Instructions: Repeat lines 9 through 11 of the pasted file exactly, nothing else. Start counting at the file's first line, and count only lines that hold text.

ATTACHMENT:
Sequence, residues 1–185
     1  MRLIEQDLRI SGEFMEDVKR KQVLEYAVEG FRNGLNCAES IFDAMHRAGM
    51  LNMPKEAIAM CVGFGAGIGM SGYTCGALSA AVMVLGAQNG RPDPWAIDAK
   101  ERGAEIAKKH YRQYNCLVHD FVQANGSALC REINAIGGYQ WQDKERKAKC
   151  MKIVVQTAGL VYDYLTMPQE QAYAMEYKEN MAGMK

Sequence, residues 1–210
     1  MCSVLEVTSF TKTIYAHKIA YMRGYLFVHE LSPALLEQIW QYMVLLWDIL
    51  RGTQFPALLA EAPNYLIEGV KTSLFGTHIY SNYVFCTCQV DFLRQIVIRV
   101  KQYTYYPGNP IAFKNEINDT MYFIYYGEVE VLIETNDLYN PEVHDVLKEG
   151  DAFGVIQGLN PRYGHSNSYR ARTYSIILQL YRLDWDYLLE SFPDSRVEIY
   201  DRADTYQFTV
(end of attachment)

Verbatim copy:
   101  KQYTYYPGNP IAFKNEINDT MYFIYYGEVE VLIETNDLYN PEVHDVLKEG
   151  DAFGVIQGLN PRYGHSNSYR ARTYSIILQL YRLDWDYLLE SFPDSRVEIY
   201  DRADTYQFTV